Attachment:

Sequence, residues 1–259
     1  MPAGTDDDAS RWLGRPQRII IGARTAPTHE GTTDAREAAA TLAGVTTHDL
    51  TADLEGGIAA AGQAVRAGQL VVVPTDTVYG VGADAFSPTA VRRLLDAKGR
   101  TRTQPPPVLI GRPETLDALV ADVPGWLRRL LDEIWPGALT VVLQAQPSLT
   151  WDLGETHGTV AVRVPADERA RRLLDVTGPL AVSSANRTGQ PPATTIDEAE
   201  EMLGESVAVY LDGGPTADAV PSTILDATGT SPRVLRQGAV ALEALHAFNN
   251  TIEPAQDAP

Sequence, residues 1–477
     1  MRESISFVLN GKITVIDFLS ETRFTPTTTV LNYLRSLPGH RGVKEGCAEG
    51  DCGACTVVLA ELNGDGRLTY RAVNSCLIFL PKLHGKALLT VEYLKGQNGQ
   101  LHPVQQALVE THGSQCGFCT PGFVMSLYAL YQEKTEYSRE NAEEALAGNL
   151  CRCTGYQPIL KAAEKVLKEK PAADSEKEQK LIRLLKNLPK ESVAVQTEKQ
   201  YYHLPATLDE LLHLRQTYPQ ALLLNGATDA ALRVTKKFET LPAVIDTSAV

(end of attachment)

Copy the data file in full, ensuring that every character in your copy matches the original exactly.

Sequence, residues 1–259
     1  MPAGTDDDAS RWLGRPQRII IGARTAPTHE GTTDAREAAA TLAGVTTHDL
    51  TADLEGGIAA AGQAVRAGQL VVVPTDTVYG VGADAFSPTA VRRLLDAKGR
   101  TRTQPPPVLI GRPETLDALV ADVPGWLRRL LDEIWPGALT VVLQAQPSLT
   151  WDLGETHGTV AVRVPADERA RRLLDVTGPL AVSSANRTGQ PPATTIDEAE
   201  EMLGESVAVY LDGGPTADAV PSTILDATGT SPRVLRQGAV ALEALHAFNN
   251  TIEPAQDAP

Sequence, residues 1–477
     1  MRESISFVLN GKITVIDFLS ETRFTPTTTV LNYLRSLPGH RGVKEGCAEG
    51  DCGACTVVLA ELNGDGRLTY RAVNSCLIFL PKLHGKALLT VEYLKGQNGQ
   101  LHPVQQALVE THGSQCGFCT PGFVMSLYAL YQEKTEYSRE NAEEALAGNL
   151  CRCTGYQPIL KAAEKVLKEK PAADSEKEQK LIRLLKNLPK ESVAVQTEKQ
   201  YYHLPATLDE LLHLRQTYPQ ALLLNGATDA ALRVTKKFET LPAVIDTSAV